Road builders in la-la land

I am once again, disappointed – and dismayed – to find Wellington policy makers driving ahead with significant changes to critical infrastructure without fully understanding user needs.

This week, I found out that at this late stage of the Manawatū Tararua Highway build – the Manawatū Gorge replacement – the New Zealand Transport Agency (NZTA) is proposing what was going to be a full four-lane piece of highway (two lanes each way) will reduce to two lanes at a pivotal point, for three kilometres.

This is at the steepest point and will slow down trucks using the road, create congestion, and impact safety.

Not only that, despite engagement with, and outright pleas from our industry, a Stock Effluent Dump Site (SED) has not been included within the scope of works – NZTA previously advised it was included – no land has been purchased for this, and it is off the table.

To rub salt in that wound, the NZTA has asked truck drivers to use an existing SED near Woodville, knowing it is not safe.

This defies logic and all the road safety rhetoric. Ridiculous statements from a safety review of the more recent design work which say that going to one lane for a short section “reduces the perception that the new road is a motorway” and is “more in keeping with a rural look and feel for the road, to better fit in with the character of the landscape” reflect that ideology, not fit-for-purpose design, is behind these changes.

Let’s be clear, this is a highway and first and foremost, it should be built properly, for purpose. It is a key east-west connection for the Lower North Island to get New Zealand’s food and primary products to market. First build the road. Then if someone wants to spend millions of dollars making it look pretty, go for it. But don’t make that part of the road building costs. For most of us, a drive through the New Zealand countryside is pretty enough.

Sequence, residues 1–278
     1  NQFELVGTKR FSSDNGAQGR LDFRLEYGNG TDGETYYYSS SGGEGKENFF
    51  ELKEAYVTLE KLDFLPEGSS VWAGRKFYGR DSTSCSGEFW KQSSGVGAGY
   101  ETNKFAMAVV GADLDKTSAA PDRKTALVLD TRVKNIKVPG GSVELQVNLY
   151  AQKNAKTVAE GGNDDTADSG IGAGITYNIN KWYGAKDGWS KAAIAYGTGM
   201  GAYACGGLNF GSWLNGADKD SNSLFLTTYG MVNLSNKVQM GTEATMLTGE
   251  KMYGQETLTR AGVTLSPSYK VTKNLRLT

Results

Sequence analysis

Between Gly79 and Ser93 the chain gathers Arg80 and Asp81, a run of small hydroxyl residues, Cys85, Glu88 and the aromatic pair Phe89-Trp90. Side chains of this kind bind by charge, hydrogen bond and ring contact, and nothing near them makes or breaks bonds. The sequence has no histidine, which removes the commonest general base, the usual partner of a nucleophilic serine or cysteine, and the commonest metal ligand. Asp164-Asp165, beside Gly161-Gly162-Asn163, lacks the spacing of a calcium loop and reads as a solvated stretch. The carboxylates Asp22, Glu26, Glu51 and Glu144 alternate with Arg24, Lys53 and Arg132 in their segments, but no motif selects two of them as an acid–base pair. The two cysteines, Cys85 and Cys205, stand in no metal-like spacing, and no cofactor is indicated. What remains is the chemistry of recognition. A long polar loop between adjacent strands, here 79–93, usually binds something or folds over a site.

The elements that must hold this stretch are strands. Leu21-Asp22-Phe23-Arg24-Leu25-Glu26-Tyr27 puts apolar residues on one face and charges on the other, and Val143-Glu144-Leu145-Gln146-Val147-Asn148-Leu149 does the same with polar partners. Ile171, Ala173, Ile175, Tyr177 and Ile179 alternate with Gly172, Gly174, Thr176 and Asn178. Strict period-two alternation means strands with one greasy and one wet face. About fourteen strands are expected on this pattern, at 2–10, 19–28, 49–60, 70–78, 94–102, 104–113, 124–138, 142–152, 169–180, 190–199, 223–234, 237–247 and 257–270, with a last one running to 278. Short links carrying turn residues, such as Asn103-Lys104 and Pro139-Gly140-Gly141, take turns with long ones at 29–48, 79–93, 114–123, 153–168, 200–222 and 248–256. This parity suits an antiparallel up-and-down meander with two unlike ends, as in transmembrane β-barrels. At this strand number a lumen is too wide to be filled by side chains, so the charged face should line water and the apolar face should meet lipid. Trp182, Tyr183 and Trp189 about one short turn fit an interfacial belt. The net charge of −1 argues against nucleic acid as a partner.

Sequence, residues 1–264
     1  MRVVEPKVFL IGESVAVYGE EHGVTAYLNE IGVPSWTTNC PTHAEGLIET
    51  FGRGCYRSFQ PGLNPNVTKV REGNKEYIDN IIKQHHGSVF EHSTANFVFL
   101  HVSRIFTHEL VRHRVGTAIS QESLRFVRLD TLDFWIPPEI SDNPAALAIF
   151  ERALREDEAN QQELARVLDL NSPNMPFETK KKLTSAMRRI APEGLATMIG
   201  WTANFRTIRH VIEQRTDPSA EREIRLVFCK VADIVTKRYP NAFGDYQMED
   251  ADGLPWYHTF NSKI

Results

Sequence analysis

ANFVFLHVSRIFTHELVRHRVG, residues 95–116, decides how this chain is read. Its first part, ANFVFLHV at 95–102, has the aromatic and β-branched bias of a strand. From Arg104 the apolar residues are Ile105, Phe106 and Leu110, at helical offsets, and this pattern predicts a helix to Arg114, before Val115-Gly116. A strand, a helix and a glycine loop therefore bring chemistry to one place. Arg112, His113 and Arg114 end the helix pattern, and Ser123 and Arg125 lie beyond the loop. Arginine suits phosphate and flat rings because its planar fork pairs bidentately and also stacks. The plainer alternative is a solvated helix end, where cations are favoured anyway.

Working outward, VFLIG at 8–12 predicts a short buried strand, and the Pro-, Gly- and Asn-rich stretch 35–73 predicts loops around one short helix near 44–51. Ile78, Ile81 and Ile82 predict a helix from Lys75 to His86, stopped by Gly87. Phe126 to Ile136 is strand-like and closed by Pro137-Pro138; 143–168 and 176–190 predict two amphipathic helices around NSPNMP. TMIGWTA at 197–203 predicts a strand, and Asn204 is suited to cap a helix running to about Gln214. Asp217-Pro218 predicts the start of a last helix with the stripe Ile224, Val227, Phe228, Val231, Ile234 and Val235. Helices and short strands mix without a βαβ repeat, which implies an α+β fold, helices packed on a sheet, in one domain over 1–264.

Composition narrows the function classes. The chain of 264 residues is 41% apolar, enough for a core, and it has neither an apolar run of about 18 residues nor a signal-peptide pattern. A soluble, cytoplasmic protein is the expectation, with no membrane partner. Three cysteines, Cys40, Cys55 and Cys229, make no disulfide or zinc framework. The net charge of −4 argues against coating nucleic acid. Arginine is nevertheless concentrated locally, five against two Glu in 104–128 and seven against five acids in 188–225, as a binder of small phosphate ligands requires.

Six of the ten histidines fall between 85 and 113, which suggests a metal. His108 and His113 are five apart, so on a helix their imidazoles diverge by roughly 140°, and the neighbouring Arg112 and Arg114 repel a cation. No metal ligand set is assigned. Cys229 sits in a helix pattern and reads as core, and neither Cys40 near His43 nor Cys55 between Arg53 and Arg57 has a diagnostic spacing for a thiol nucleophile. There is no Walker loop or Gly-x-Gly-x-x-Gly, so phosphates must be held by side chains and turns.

A single lane each side at the road’s steepest point is an unnecessary design approach given the carriage way appears to be wide enough, as shown in this flyover. Most light vehicle users will be frustrated to be caught behind a truck when they find their passing opportunity evaporate in front of their eyes. This could well cause safety issues.

On the matter of stock effluent, it has been made clear to the NZTA that the existing Woodville SED is unsafe – as the photo above shows – because:

  • The turning space in and out of the facility has a concrete curb that the units have to drive over causing judder bar effects (these have been asked to be removed previously)
  • The fence separating the temporary exit is not consistent causing a narrowing toward the exit point (this has been advised previously)
  • The culvert on exit needs lengthening 2 -3 metres, as it does not allow 5-axle trailers the correct cut required to exit safely (this has been advised previously).

With no safe stock effluent dumping sites accessible before taking on the hill, effluent spillage all over the new road is likely. This may incur infringement notices, which will be heavily defended by our industry due to the deliberate oversight of this issue by NZTA.

I sometimes wonder if I’m in an alternate reality where the cost of living is of no relevance, food is unnecessary, and we are all walking and cycling in happy unison. But in the real world, I’ll keep asking for us to get this right first time – if the project is not funded correctly, it will slow down our economy and cause frustration to all drivers on that road.

The RTF is concerned that the current course of action will only see a mammoth cost in the years ahead when the under specification will have to be corrected. Our view is that NZTA needs to ask the Government to increase the construction budget to get this road built right – it is after all, the only new road build currently on the books.

Kiwis expect to see first-class infrastructure and high quality roading, given the increases in petrol tax and Road User Charges that they have had to endure.

– Nick Leggett, CEO, Road Transport Forum

 


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